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AB0348 A Retrospective Review of Dispensing of Concomitant Glucocorticoids with Biologics Prescribed for The Treatment of Rheumatoid Arthritis in The Australian Population
  1. G. Jones1,
  2. S. Hall2,
  3. G. Littlejohn3,
  4. E. Chung4,
  5. R. Barrett5,
  6. P. Button5
  1. 1Royal Hobart Hospital, Hobart
  2. 2Cabrini Medical Centre, Malvern
  3. 3Monash Medical Centre, Clayton
  4. 4Prospection, Eveleigh
  5. 5Roche Products, Pty. Limited, Dee Why, Australia


Background The treatment of Rheumatoid arthritis (RA) in Australia is consistent with the current international guidelines of starting a biologic (b) DMARD in combination with methotrexate (MTX) where possible and/or other synthetic DMARDs with or without glucocorticoids (GCs). There is limited data available on the effects of various bDMARDs on oral GCs consumption in a real world data setting and in the same patient population.

Objectives The objective of the study was to investigate the usage of concomitant GCs with bDMARDs for the treatment of RA patients over time.

Methods Concessional (government subsidised) RA patients ≥18 years of age for whom bDMARDs were first dispensed for their RA (between 01August 2010 and 31July 2013), and who were in the Australian Medicare 10% sample database provided by the Department of Health and Aging through an Australian healthcare consulting company (PROSPECTION) were followed for a period of 2 years (until 31 July 2015). bDMARDs included: abatacept (IV and SC), adalimumab, certolizumab pegol, etanercept, golimumab, infliximab, and tocilizumab. Data were analysed using descriptive statistics for continuous variables and frequency counts for categorical variables. Individual anti-TNFs were equivalent in all analyses and therefore were combined for simplicity.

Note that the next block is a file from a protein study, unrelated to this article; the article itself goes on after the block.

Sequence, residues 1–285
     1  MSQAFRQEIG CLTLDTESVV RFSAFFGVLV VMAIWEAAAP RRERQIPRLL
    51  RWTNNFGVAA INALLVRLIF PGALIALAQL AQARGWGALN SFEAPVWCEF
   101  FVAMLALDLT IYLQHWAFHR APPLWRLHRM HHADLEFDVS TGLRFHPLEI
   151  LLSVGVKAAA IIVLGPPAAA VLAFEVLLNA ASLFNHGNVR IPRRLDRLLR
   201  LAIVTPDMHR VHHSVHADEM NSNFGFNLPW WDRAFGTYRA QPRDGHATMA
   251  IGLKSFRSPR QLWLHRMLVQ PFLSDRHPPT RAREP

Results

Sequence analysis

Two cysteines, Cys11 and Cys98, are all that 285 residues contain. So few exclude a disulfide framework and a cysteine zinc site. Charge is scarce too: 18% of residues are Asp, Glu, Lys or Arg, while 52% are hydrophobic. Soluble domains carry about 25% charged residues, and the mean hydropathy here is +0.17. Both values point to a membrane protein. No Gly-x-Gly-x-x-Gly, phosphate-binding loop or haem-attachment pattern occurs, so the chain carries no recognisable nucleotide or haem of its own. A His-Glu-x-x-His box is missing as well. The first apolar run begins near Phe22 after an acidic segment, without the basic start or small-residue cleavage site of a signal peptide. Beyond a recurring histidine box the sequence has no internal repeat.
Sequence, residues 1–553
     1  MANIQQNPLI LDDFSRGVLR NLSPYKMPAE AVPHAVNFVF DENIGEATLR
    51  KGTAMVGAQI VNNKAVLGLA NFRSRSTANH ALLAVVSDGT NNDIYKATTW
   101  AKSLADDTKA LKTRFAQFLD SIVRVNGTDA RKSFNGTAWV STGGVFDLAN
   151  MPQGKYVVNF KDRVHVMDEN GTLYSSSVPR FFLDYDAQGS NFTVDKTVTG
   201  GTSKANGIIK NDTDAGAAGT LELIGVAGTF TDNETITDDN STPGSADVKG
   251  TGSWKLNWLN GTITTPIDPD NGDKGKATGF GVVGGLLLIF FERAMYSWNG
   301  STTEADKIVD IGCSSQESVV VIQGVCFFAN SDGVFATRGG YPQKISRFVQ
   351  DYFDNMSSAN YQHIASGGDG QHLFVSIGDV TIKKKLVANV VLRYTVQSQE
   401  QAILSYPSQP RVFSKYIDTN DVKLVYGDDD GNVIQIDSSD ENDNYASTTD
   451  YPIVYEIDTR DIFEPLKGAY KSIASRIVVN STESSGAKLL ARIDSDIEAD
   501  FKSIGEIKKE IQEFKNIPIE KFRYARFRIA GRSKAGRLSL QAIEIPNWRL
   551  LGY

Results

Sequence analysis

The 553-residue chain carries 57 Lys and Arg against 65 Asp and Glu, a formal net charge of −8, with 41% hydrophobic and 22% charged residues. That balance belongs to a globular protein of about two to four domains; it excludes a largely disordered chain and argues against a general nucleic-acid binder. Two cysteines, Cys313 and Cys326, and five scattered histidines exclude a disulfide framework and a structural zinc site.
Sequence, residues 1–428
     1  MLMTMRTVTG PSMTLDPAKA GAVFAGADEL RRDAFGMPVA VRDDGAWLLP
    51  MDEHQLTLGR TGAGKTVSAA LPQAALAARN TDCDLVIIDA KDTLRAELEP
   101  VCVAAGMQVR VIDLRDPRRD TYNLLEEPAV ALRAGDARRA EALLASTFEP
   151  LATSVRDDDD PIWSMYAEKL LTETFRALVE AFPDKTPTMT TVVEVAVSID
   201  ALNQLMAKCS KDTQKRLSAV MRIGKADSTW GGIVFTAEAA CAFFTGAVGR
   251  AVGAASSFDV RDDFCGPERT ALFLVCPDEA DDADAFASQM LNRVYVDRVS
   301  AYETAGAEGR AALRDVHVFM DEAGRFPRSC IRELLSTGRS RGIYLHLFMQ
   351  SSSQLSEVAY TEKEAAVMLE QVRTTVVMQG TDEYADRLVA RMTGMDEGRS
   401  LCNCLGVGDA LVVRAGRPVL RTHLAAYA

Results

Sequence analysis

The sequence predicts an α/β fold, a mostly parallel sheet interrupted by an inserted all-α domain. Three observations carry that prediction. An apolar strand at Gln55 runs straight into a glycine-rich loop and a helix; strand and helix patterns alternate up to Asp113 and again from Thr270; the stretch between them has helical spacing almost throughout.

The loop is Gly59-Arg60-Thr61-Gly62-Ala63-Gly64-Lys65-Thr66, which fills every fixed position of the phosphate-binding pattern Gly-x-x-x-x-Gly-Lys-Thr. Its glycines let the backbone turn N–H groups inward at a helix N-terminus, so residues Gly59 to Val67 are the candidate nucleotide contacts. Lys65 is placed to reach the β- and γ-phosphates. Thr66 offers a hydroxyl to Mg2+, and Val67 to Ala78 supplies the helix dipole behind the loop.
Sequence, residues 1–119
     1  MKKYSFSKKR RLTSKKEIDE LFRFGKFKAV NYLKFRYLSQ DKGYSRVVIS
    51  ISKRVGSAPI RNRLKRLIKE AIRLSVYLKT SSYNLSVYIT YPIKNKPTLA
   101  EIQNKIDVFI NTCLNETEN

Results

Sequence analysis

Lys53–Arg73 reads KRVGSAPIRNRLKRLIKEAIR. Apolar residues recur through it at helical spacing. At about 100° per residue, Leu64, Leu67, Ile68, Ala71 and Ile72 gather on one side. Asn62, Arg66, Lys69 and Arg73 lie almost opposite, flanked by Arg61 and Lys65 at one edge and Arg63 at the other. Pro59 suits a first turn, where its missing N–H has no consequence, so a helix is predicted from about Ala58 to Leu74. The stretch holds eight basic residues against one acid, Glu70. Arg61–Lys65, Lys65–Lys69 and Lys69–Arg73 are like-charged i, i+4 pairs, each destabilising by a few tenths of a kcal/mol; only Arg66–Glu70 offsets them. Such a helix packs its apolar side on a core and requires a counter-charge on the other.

Results Data from 269 patients were analysed. Of the patients who received oral GCs at some point during the study period (86%; n=230), 49% were ≥65 years old and 51% were 18–64 years old. The majority (81%) were females. For all patients, median dose of oral GCs was 4.1 (min 0, max 21) mg/day at one year prior to initiation of a bDMARD, 2.9 (min 0, max 22.2) mg/day and 2.0 (min 0, max 17.3) mg/day at 1 and 2 years, respectively, post-bDMARDs initiation. Daily GCs doses across the analysis time points and by drug group are presented in Table 1. Daily dose changes at 1–2 years post initiation of bDMARDs from 1 year before initiation of bDMARDs were statistically significant for all bDMARDs (p<0.0001), all anti-TNFs (p<0.0001) and tocilizumab (p=0.0002). Percentage of patients who stopped GCs at any time post initiation of a bDMARD was 43% for all RA bDMARDs, 44% for all anti-TNFs, 27% for abatacept and 39% for tocilizumab. 31 percent of patients who remained on biologics for the observation period in the “all RA bDMARDs” group had an increase in GCs dose and 60% had a decrease after 1-year and 65% after 2 years; percentage increase and decrease in GCs doses for all groups are listed in Table 2.

Conclusions In the Australian setting, the majority of RA patients who were taking oral GCs had reductions in their daily GCs doses after initiation of bDMARDs; which continued for up to 2 years post treatment initiation.

Acknowledgement The study was sponsored by Roche Products Pty. Limited. Medical writing was provided by Dr Joseline Ojaimi from Roche.

Disclosure of Interest G. Jones: None declared, S. Hall: None declared, G. Littlejohn: None declared, E. Chung Consultant for: Roche Products, Pty. Ltd, R. Barrett Employee of: Roche Products, Pty. Ltd, P. Button Employee of: Roche Products, Pty. Ltd

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